State Policy Network
State Spotlight: Fighting for students’ futures in Georgia

What is it like when your child’s school is failing them? For Georgia mother Tanya Schlegel, it was heartbreaking. Her son “would routinely come home from school with tears in his eyes, saying the school wasn’t treating him fairly. I discovered they were not implementing his Individualized Education Plan as written but were putting pressure on my son to perform outside of the accommodations that were agreed upon. It caused a lot of meltdowns and angst. The situation eventually became so severe that he began self-harm. That progression broke my heart because he is a good kid. He’s not aggressive. He’s not violent. But the pressures the school system put on him caused him to hurt himself.”

Tanya felt stuck. Her son and daughter both have special needs and require extra attention and resources that their school can’t provide. Tanya and her husband also can’t afford to move to an area with better schools or pay for their children to go to better equipped (but expensive) private schools.

Tanya’s story isn’t unique in Georgia. Families all across the state—and especially in rural areas—are stuck in schools that don’t provide the education their students need, but there’s no alternative available.

This is why the Georgia Center for Opportunity launched their campaign to champion school choice programs for Georgia families.

The promise of “Promise Scholarships”

During the 2022 legislative session, there were several bipartisan bills introduced to increase school choice opportunities in Georgia. Two of the most significant bills (HB 999 and SB 601) would have created Educational Savings Accounts called “promise scholarships.” These promise scholarships would have offered Georgia families up to $6,000 a year for approved education expenses. As GCO’s Vice President of Public Policy, Buzz Brockway explains, “Promise Scholarships would step far beyond a typical voucher by fully putting parents in the driver’s seat when it comes to their child’s education. The funds could [be] used for private-school tuition, but there would [be] added flexibility depending on each family’s unique needs, extending to paying for things like tutoring, specialized therapies, or homeschool co-ops.”

For families like Tanya’s, promise scholarships would be a lifeline. She explained “Promise Scholarships would provide the type of resources to ensure that our children are not left behind.”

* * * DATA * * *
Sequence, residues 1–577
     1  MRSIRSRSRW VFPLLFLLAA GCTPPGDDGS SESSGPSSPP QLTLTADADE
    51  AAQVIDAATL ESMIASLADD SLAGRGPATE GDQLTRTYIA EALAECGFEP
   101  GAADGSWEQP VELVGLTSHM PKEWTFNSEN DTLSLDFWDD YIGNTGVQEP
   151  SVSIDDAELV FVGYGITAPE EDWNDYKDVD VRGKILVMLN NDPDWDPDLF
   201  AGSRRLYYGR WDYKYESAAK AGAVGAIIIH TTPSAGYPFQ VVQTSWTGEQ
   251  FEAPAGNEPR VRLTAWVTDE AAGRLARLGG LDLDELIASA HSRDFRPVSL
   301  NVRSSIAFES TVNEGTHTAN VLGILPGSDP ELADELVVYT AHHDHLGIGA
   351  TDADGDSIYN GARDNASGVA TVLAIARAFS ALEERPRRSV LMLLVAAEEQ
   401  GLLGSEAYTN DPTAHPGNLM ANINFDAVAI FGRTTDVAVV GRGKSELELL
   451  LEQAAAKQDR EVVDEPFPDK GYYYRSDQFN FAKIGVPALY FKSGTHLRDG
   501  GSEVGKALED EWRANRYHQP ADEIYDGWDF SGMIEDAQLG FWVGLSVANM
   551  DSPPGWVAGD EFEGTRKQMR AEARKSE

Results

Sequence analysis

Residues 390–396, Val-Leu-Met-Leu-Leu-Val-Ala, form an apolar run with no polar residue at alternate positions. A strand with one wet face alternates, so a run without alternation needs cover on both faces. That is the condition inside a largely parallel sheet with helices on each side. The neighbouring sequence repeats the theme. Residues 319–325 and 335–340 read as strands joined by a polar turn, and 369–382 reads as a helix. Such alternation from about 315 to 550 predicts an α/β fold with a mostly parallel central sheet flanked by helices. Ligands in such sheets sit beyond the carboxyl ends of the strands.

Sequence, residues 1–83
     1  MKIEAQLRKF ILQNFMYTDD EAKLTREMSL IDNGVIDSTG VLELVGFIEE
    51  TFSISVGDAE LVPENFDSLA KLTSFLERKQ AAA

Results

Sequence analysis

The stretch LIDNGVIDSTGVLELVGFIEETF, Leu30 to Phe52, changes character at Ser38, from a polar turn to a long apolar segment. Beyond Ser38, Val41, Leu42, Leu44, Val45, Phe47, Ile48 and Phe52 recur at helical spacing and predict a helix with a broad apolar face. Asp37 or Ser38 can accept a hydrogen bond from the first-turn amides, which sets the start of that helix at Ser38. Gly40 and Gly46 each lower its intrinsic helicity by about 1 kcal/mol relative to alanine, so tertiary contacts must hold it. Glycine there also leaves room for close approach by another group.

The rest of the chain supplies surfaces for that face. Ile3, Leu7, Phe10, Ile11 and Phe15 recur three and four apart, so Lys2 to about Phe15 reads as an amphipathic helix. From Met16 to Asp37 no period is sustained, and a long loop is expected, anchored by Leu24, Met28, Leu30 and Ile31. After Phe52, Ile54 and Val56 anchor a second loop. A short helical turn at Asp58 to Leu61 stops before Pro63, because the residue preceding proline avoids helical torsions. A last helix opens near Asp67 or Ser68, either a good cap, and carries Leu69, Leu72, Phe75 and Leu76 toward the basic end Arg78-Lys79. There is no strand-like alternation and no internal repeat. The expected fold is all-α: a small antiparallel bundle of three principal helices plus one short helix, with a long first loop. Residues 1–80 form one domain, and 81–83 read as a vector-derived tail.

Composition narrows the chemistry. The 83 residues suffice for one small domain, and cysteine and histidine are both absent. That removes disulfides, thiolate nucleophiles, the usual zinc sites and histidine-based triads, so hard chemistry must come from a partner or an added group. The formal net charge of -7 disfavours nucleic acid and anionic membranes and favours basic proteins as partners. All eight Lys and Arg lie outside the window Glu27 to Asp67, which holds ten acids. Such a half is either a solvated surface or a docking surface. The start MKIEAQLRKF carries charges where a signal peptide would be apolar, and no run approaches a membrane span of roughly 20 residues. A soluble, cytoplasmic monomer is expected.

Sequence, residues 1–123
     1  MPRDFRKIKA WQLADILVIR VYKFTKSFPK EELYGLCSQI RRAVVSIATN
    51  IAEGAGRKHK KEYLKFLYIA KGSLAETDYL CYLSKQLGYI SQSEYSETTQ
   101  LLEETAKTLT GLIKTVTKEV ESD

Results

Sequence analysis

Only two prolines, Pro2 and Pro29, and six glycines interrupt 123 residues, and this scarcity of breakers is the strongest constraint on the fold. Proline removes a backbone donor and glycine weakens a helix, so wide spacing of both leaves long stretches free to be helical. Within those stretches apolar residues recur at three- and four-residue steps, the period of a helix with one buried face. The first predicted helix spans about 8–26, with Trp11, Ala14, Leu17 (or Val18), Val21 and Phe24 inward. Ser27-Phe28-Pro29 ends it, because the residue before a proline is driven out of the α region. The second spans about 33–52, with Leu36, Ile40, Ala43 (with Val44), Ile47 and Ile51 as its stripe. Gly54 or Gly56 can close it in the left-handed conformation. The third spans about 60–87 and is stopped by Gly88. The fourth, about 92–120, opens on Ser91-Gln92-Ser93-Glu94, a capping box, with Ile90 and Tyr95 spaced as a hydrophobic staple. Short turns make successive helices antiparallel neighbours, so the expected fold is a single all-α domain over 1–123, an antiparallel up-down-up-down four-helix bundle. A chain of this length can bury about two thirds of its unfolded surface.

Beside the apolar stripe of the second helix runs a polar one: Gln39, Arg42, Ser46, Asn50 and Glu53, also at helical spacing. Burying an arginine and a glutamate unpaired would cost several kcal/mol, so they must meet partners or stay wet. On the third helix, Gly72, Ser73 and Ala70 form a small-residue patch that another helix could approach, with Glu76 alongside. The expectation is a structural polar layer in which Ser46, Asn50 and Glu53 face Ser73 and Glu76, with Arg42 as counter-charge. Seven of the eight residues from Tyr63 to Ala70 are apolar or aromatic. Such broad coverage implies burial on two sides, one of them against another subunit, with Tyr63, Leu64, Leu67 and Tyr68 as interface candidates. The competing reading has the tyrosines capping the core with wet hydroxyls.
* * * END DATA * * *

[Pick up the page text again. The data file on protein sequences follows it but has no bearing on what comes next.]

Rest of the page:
GCO set out to garner support for promise scholarships from as many Georgians (and especially Georgians in swing districts) and state legislators as possible.

GCO created a robust social media campaign around HB 999 and SB 601. They produced video ads for YouTube and promoted those videos to Georgians all across the state. Their main Promise Scholarship Ad garnered over 160,000 views. GCO’s campaign also included making more than 30,000 calls to voters in key swing districts. Because of GCO’s outreach campaign, each legislator received 10 messages the first week of the campaign and over 30 messages the second week of the campaign and beyond. And anyone who’s worked in a legislator’s office can tell you how impactful constituent calls are (especially leading up to an election year).

In addition to their social media campaign, GCO ran TV and radio ads which received more than 900,000 impressions and also launched a texting campaign which sent over 77,000 text messages to Georgians across the state.

Georgia Center for Opportunity continues to advance school choice in Georgia

HB 999 passed out of subcommittee but failed to go any farther. SB 601 made it all the way to a full floor vote in the legislature but was defeated by a vote of 20-29 in the state Senate. Buzz Brockway explains, “Tuesday, March 15th was a sad day for kids in Georgia. That’s the day when the Georgia Senate voted down a bill to create Promise Scholarships. […] Simply put, a vote against SB 601 was a vote against the many Georgia families who desperately need help. Particularly as our state emerges from the COVID-19 pandemic where so many students are left behind, it’s unconscionable that we would deny this lifeline to families.”

While promise scholarships remain an unfinished goal for GCO and Georgia parents like Tanya, there were some victories for school choice in Georgia in 2022. The legislature did pass HB 517 which increases the cap on Georgia’s tax credit scholarship program from $100 million to $120 million per year. HB 517 also doubles the amount individuals, LLCs, and S Corporations may contribute and removes the automatic sunset of the program.

School choice is a lifeline for parents struggling to find the right education options for their students. That is why the Georgia Center for Opportunity is fighting—and will continue to fight—for as many of those lifelines as possible.

Categories: News
Organization: State Policy Network